Politics of the Czech Republic

The Czech Republic is a unitary parliamentary constitutional republic, in which the President is the head of state and the Prime Minister is the head of government.[1] Executive power is exercised by the Government of the Czech Republic which reports to the lower house of Parliament. The Legislature is bicameral, with the Chamber of Deputies (Poslanecká sněmovna) consisting of 200 members and the Senate (Senát) consisting of 81 members. Both houses together make up the Parliament of the Czech Republic.

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The political system of the Czech Republic is a multi-party system. Since 1993, the two largest parties were the center-left Czech Social Democratic Party (ČSSD) and right-wing Civic Democratic Party (ODS). This model changed in early 2014, with the rise of a new political party ANO 2011 which led to weakening of both major parties. The Economist Intelligence Unit rated Czech Republic a "flawed democracy" in 2018.[2]

Political developments

The Czech political scene supports a broad spectrum of parties ranging from the Communist Party on the far left to various nationalistic parties on the far right.

Czech voters returned a split verdict in the June 2002 parliamentary elections, giving Social Democrats (ČSSD) and Communists majority, without any possibility to form a functioning government together due to Vladimír Špidla's strong anticommunism. The results produced a ČSSD coalition government with Christian Democrats (KDU-ČSL) and Liberals (US-DEU), while Civic Democrats (ODS) and Communists (KSČM) took place in opposition. The MP ratio was the tiniest 101:99. After many buffetings and, finally, after the catastrophic results of the June European Parliament election, 2004 Špidla resigned after a revolt in his own party and the government was reshuffled on the same basis.

As the system in the Czech Republic repeatedly produces very weak governments (a specific problem is that about 15% of the electorate support the Communists, who are shunned by all the other parties) there is constant talk about changing it but without much chance of really pushing the reform through. An attempt to increase majority elements by tweaking the system parameters (more smaller districts, d'Hondt method used) by ČSSD and ODS during their "opposition agreement" of 1998–2002 was vehemently opposed by smaller parties and blocked by the Constitutional Court as going too much against the constitution-stated proportional principle; only a moderated form was adopted. This, however, led to a stalemate in the 2006 elections where both the left and the right each gained exactly 100 seats; as many commentators point out, the earlier system would have given the right a 3–4 seat majority.

In March 2006, the parliament overturned a veto by President Václav Klaus, and the Czech Republic became the first former communist country in Europe to grant legal recognition to same-sex partnerships.

A government formed of a coalition of the ODS, KDU-ČSL, and the Green Party (SZ), and led by the leader of the ODS Mirek Topolánek finally succeeded in winning a vote of confidence on 19 January 2007. This was thanks to two members of the ČSSD, Miloš Melčák and Michal Pohanka, who abstained.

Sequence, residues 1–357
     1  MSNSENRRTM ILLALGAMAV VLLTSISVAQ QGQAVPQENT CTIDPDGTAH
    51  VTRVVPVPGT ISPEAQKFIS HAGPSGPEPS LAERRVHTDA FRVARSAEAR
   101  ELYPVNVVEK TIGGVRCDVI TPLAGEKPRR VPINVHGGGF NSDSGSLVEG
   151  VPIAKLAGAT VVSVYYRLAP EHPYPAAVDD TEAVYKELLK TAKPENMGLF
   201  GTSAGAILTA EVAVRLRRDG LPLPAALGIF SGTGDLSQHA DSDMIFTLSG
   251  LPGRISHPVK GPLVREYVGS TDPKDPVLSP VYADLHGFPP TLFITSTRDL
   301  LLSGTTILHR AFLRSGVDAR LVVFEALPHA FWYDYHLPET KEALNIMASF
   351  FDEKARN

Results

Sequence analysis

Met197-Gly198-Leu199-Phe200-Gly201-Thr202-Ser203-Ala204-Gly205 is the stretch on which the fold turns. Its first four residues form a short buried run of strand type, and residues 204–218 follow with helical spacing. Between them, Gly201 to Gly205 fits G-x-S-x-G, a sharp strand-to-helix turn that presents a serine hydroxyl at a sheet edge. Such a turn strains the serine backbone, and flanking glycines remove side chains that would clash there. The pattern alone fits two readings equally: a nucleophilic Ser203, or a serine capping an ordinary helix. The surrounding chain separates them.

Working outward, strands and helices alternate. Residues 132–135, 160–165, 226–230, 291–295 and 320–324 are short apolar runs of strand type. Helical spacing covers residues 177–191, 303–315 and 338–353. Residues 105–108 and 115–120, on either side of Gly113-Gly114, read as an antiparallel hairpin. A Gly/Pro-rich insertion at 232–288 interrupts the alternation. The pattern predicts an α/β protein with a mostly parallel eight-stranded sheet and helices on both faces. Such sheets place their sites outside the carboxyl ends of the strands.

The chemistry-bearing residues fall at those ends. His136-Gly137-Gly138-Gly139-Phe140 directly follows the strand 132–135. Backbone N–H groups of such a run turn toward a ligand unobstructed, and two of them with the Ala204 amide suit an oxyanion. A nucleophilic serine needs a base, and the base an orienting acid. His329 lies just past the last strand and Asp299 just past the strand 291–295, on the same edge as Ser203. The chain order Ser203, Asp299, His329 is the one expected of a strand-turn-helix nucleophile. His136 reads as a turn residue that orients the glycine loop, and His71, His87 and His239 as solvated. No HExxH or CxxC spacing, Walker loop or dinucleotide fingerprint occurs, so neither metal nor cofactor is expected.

On 23 March 2009, the government of Mirek Topolánek lost a vote of no-confidence.

Executive branch

The President is the head of state, but the Prime Minister is the head of government.

Main office holders
Office Name Party Since
President Miloš Zeman Party of Civic Rights 8 March 2013
Prime Minister Andrej Babiš ANO 2011 6 December 2017


The President of the Czech Republic is elected by a direct vote (no more than two consecutive) for five years. The president is a formal head of state with limited specific powers.

Powers of President

  • appoint and recall the Prime Minister and other members of the Government and accept their resignation, recall the Government and accept its resignation;
  • convene sessions of the Chamber of Deputies;
  • dissolve the Chamber of Deputies when specific conditions described in the constitution are met;
  • pardon and mitigate penalties imposed by the court, order not to initiate criminal proceedings and suspend them if they are already initiated, and expunge sentences;
  • have the right to return to the Parliament an enacted law with the exception of Constitutional Acts;
  • sign enacted laws;
  • represent the State with respect to other countries
  • negotiate and ratify international treaties; he may delegate the negotiation of international treaties to the Government or, subject to the Government consent, to its individual members;
  • be the Commander in Chief of the Armed Forces;
  • appoint and recalls heads of diplomatic missions;
  • call elections to the Chamber of Deputies and the Senate;
  • appoint and promote generals;
  • appoint judges

Prime Minister

The Prime Minister is the head of government and wields considerable powers, including the right to set the agenda for most foreign and domestic policies, mobilize the parliamentary majority, and choose governmental ministers.[3]


Cabinet of the Czech Republic is the supreme executive body in the Czech Republic. The Cabinet shall make its decisions as a body. The Cabinet shall consist of the Prime Minister and Ministers. Controls the state and the ministry. Publishes government decree. The Prime Minister shall be appointed by the President of the Republic who shall appoint on the Prime Minister's proposal the other members of the Cabinet and shall entrust them with the direction of individual ministries or other agencies. Within thirty days after its appointment, the Cabinet shall present itself to the Chamber of Deputies and shall ask it for a vote of confidence.

Legislative branch

The Parliament (Parlament České republiky) has two chambers. The Chamber of Deputies (Poslanecká sněmovna) has 200 members, elected for a four-year term by proportional representation with a 5% election threshold. There are 14 voting districts identical to the country's administrative regions. The Chamber of Deputies, at first the Czech National Council, has the powers and responsibilities of the now defunct federal parliament of the former Czechoslovakia.